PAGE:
LoveToKnow (USA) Interview
Jan-2008: Interview covering shoe lacing methods, shoelace knots and my recently released book, “Laces”.
- Interviewed for: LoveToKnow (USA)
- Interviewed by: Tanya Sharma
- Interviewed via: E-mail
- Interviewed on: 24-Jan-2008
TANYA: Thanks for taking some time to speak with us, Ian! When did you get your start in the world of shoelaces, and what brought it on?
IAN: Growing up, I was probably no more interested in shoelaces than anyone else. I suffered the same sorts of problems: shoelaces sometimes coming undone, and more annoyingly, occasionally breaking a shoelace.
Back in 1982, after one such shoelace breakage incident, I noticed that it always seemed to be the right end of the lace that broke. In the process of analysing the knot to see if it could be tied symmetrically, I stumbled onto a teqhnique that was not only symmetrical but also much faster. I named this my “Ian Knot”, and have used it ever since. Interestingly, my laces now suffer much less wear and tear and invariably outlast my shoes!
TANYA: What is it about laces that intrigues you?
IAN: My main reason for creating a web site about shoelaces was that no-one else had done it. I was prepared to do something even though there was no money in it, plus there was probably a bit of “standing up for the underdog”.
Once I started the site, I became more intrigued. To me, it’s truly fascinating that something as simple as a shoelace could be customized by so many different people in so many different ways for so many different applications.
TANYA: Your book, “Laces: 100s of Ways to Pimp Your Kicks”, is bursting with unusual lacing methods. Is there a basic, universal knot that would be ideal for, say, the everyday sneaker or other type of casual shoe?
IAN: As far as lacing method, basic “criss cross” lacing may seem uninteresting but it is very effective at holding the shoe closed, spreads the load evenly, is relatively easy to tighten and loosen, uses the lace length efficiently, and sits comfortably with minimal pressure points. Finished off with a “standard” shoelace knot, which is also relatively easy to tie and untie, yet which holds quite securely on most good shoelaces, you have a good overall combination that has been proven for centuries.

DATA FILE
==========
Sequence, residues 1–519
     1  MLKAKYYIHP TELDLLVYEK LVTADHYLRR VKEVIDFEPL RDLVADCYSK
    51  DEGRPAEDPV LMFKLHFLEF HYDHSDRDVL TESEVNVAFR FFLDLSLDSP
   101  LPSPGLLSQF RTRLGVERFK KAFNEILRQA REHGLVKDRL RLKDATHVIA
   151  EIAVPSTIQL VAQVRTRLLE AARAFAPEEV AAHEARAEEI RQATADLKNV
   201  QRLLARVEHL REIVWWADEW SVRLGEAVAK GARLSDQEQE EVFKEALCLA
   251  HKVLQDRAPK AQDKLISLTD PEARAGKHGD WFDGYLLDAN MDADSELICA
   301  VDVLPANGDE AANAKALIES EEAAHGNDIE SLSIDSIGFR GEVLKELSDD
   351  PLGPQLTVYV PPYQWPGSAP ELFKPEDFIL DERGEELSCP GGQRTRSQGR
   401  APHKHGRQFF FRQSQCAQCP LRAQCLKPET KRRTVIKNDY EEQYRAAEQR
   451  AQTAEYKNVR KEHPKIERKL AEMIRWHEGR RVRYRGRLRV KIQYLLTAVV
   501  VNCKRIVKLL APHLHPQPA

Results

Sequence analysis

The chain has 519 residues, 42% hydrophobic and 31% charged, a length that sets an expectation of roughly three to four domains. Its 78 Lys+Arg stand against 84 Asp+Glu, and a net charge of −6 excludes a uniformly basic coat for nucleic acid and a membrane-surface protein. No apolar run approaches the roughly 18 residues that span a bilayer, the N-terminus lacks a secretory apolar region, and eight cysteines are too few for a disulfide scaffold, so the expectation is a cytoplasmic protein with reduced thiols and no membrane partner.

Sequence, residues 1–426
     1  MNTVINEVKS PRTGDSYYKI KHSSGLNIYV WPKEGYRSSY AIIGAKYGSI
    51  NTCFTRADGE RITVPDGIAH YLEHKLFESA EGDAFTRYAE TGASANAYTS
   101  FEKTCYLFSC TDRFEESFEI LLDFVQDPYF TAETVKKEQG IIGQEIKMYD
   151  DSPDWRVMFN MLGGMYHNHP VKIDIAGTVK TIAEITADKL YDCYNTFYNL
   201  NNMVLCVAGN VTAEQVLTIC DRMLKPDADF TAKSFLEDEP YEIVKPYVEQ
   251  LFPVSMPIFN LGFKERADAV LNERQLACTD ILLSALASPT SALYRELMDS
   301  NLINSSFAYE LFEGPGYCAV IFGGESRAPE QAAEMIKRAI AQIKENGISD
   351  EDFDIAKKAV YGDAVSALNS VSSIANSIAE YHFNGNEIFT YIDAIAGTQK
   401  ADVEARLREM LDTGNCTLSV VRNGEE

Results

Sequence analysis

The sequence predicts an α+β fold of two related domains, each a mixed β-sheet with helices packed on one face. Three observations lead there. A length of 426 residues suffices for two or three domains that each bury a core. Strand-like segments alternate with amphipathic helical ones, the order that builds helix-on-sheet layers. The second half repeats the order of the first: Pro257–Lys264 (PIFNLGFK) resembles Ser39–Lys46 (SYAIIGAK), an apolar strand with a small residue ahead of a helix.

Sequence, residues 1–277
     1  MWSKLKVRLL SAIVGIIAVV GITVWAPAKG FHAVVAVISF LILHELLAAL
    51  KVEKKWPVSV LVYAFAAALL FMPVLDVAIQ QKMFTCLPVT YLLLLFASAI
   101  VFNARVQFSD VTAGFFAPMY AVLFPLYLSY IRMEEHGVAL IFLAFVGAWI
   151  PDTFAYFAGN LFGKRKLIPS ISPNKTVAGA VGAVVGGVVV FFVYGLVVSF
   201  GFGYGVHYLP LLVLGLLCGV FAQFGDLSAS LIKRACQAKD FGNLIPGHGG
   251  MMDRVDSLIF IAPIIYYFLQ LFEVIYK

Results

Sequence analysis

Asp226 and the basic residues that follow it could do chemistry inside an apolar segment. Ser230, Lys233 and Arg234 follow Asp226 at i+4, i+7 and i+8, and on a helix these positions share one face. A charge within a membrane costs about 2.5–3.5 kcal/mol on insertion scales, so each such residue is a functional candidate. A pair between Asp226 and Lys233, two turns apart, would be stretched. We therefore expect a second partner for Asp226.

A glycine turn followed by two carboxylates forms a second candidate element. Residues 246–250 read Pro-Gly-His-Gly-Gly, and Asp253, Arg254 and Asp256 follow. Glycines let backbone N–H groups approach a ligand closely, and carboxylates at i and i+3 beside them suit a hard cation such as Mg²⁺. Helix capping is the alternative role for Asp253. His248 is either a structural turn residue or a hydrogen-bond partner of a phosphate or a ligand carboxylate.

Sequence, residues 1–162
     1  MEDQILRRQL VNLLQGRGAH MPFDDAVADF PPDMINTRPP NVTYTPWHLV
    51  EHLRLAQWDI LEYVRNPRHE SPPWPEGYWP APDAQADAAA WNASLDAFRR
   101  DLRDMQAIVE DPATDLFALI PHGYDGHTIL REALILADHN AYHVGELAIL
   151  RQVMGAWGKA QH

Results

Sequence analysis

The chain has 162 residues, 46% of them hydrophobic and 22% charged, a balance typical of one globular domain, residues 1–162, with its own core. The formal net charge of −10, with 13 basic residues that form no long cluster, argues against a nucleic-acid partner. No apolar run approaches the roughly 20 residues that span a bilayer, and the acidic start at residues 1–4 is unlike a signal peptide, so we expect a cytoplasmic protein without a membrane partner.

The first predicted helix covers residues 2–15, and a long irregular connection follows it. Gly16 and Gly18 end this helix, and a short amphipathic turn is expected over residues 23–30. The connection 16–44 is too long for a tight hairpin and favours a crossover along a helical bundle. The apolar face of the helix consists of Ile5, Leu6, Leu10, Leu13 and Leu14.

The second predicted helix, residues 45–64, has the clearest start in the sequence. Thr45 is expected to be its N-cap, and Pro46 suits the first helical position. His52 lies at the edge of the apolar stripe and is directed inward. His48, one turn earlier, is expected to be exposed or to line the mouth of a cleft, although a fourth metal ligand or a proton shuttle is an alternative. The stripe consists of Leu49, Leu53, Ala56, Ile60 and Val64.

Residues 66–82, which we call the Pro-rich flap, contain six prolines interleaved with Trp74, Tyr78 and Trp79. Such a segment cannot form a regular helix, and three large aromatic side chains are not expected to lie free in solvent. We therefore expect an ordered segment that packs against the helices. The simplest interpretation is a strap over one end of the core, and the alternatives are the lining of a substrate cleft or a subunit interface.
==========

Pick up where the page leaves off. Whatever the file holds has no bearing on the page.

TANYA: You also offer a variety of complex knots. Which is the most challenging (if any), and why? Is there an "expert-level" knot that a beginner needs to work toward?
IAN: One of the most complex shoelace knots is a somewhat over-the-top one that I call the “Mega Ian Knot”. This requires forming a double-loop around two sets of fingers and pulling those loops through each other. The result is a knot with a triple-wrap of shoelace around the middle, making it incredibly secure. It’s somewhat impractical though because of the difficulty of tying.
Most beginners need only aspire to learning one of the easier secure knots, such as the “Surgeon’s Shoelace Knot” or the “Ian’s Secure Shoelace Knot”, either of which provides more than enough security to stay tied under even quite adverse conditions.
TANYA: Shoelaces that come undone are far too common! Are there any tricks of the trade you recommend to prevent this from occurring?
IAN: There’s a whole section on the site with tips such as these: